Estimating Costs of Attendance
A graduate degree is an investment in your future. You will need to determine how your education will be financed. You will first need to do some financial and personal planning. Graduate programs in America often cost in the tens of thousands of dollars and addressing the issue of funding prior to beginning your program is essential.
You should budget for:
- Housing and costs of living (food, utilities, etc.)
- Books and academic materials
- Lab costs
Assistantships: Research, Teaching and Other
One of the most common means of funding graduate education in the U.S. is the graduate assistantship. Graduate assistants perform services for a university to reduce the out-of-pocket expenses of their education. A typical assistantship includes a financial stipend, tuition remission (waiver or reduction in tuition) and health benefits. There are several types of assistantships which are available at most institutions.
- Research Assistants are prevalent in the science and engineering fields and in some social science fields. Students work in laboratories or in the field, assisting faculty with research projects. This option provides relevant experience and the field specialization will be useful after attaining your degree. There is no set way to become a research assistant, with parameters varying by institution and department. The first step should be to identify a professor or project that you would be interested in working with. Once a project is identified, investigate how research assistants are chosen and take the necessary action to apply.
- Teaching Assistants (TA’s) teach undergraduates and may lead discussion sessions, administer exams, grade papers and hold office hours. TA’s usually work at least 20 hours per week. Ph.D. students with experience may often teach an undergraduate level course. Teaching assistantships are arranged through a university and particular departments.
- Graduate Assistants work in a university’s administration or support service areas. This work does not always relate to a student’s field and can cover a wide range of duties, from computer repair to academic advising to office assistant. Administrative graduate assistants are arranged through the university and its academic departments.
Fellowships, Scholarships and Traineeships are cash awards given by departments, universities or outside organizations to candidates who fulfill specific qualifications. The amount of money awarded depends on the particular fellowship. Fellowships are unique as they do not require any additional work other than the maintenance of a grade point average and progress towards a degree.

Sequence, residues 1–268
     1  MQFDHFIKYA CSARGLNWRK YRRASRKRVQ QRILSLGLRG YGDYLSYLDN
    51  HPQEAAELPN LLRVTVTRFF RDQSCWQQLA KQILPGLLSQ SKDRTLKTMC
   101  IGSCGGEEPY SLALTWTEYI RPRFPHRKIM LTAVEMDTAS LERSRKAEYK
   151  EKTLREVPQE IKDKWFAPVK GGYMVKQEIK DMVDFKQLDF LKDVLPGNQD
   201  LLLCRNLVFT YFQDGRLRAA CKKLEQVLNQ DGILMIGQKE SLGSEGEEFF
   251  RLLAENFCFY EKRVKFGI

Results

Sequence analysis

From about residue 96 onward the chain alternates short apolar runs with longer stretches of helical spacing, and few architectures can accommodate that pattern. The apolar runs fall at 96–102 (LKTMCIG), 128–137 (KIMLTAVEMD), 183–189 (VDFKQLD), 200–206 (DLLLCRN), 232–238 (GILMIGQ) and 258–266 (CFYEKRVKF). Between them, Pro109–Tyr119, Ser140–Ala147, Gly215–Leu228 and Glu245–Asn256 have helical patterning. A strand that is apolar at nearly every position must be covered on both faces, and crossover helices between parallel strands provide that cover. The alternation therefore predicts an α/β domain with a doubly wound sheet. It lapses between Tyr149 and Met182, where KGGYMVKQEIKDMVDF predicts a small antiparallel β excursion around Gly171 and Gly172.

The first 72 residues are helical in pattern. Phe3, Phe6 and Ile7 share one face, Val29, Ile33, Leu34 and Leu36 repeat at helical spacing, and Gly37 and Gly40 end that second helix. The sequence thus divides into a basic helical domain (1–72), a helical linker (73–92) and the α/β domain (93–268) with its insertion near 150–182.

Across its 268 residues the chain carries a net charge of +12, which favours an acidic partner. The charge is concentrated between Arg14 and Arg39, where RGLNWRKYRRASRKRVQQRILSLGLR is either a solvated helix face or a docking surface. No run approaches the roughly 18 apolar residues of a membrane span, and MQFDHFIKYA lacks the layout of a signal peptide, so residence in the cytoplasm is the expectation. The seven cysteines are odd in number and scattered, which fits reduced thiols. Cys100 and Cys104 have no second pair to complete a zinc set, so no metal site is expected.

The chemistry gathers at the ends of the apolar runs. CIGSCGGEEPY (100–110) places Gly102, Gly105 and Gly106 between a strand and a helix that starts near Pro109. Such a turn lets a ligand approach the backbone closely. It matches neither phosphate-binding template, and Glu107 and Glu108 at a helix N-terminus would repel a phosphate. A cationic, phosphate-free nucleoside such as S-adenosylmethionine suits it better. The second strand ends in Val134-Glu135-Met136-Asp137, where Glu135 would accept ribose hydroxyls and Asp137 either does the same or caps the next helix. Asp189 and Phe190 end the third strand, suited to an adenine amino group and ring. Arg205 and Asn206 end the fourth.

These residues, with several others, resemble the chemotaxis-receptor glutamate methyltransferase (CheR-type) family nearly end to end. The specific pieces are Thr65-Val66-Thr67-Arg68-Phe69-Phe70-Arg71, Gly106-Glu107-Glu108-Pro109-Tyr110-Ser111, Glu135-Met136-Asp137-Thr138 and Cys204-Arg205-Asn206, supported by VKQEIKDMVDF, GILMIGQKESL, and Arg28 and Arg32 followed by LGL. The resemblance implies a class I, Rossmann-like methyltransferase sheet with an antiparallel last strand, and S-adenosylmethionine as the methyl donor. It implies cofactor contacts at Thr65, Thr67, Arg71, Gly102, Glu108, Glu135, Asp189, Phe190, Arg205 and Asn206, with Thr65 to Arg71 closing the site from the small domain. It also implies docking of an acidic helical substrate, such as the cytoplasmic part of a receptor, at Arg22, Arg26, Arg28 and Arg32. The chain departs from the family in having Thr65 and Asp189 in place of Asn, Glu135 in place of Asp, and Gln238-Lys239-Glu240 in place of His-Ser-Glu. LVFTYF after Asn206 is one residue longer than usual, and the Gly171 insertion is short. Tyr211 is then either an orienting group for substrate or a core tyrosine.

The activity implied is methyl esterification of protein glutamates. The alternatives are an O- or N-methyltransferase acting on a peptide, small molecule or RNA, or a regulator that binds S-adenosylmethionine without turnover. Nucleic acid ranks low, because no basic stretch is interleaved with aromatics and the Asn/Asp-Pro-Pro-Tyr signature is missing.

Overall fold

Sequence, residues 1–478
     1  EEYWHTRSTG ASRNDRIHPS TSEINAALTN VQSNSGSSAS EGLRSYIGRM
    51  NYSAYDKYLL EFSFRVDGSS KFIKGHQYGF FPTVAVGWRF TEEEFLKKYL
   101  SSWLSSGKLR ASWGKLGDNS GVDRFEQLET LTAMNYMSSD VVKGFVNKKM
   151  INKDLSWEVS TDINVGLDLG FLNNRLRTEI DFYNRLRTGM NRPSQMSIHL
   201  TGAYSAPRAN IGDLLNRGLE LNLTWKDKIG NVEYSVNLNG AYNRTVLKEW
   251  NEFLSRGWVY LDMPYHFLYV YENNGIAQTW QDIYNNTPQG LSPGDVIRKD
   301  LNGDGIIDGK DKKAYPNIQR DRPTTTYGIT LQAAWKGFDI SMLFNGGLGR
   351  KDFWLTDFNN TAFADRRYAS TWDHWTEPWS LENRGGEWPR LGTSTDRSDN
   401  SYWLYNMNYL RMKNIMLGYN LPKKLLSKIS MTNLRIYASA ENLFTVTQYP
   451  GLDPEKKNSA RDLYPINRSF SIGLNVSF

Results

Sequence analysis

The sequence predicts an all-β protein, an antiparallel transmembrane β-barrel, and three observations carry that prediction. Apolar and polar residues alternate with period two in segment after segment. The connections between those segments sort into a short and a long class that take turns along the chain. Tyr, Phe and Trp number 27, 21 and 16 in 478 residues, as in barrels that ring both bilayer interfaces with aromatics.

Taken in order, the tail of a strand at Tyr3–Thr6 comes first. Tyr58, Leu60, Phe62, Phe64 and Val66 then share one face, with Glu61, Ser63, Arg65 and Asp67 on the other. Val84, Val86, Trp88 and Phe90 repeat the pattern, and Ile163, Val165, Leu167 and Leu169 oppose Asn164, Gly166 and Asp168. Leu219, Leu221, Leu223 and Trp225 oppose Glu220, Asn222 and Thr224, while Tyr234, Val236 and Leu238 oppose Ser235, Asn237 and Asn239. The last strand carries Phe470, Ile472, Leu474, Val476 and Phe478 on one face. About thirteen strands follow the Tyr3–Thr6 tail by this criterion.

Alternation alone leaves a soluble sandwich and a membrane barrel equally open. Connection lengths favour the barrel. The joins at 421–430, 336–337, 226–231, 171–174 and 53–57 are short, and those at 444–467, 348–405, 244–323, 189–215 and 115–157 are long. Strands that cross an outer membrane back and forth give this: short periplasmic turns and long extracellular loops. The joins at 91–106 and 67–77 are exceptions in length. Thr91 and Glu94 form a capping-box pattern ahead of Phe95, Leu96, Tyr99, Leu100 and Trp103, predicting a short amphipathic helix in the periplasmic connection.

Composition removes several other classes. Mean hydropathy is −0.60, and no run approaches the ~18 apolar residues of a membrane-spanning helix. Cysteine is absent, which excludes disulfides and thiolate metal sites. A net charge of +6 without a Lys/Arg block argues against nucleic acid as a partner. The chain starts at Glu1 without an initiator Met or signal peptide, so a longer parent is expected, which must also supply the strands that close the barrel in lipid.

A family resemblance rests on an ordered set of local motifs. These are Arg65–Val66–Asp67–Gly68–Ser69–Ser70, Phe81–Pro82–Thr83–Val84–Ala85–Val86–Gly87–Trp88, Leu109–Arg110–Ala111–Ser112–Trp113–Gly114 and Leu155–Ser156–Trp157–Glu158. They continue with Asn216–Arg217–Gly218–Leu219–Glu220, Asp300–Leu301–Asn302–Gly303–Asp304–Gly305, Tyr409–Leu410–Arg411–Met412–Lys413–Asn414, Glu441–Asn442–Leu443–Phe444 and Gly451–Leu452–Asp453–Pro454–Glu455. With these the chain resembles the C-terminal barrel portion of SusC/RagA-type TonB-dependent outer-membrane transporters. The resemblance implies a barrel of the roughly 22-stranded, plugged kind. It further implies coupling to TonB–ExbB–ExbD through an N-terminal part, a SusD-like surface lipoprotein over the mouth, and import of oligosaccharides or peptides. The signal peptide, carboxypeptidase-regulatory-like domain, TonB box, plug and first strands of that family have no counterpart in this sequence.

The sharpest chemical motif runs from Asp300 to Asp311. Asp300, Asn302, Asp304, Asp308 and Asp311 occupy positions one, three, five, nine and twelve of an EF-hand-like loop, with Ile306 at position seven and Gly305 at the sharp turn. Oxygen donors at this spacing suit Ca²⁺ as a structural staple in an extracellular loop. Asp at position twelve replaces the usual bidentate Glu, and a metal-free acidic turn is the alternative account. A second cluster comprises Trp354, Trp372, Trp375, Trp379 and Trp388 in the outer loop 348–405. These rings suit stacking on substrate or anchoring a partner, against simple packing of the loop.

Prestigious scholarships or fellowships are highly competitive, either nationally or internationally. They provide financial support and other benefits to a limited number of highly qualified candidates. Typically, these scholarships support one to three years of study after the bachelor’s degree at universities in the United States or abroad. (Rhodes, Gates-Cambridge, Marshall and Jack Kent Cooke are well-known programs of this type.)
Non-UK-based post-graduate scholarships include the U.S. Student Fulbright Program, the Boren Fellowship, the Mitchell Scholarship for study in Ireland, the Soros Fellowship for New Americans and the Pickering Fellowship for graduate study for future US diplomats.
For information about UK-based prestigious scholarships and where to get started, contact April Householder, 410-455-5754 or email@example.com. UK-based scholarships include the Rhodes Scholarship, Gates-Cambridge Scholarship and Marshall Scholarships.
For information about non-UK post-graduate scholarships and where to get started, contact Brian Souders, associate director, Center for Global Engagement, 410‑455‑2624 or firstname.lastname@example.org. Non-UK-based post-graduate scholarships include the US Student Fulbright Program, the Boren Fellowship, the Mitchell Scholarship for study in Ireland, the Soros Fellowship for New Americans and the Pickering Fellowship for graduate study for future US diplomats.
Student Loans are offered to individuals for the sole purpose of financing education. Most student loans can be arranged through a bank of choice. More information can be found at NASPAA Listing of Student Loans and Scholarships.
Federal and State Financial Aid
The government offers loan money to graduate students. Federal student loans are need-based. To determine if you qualify, contact UMBC’s Financial Aid Office. For an overview of loans, grants and work-study assistance available to students through the federal government, visit http://www2.ed.gov/offices/OSFAP/DirectLoan/student.html.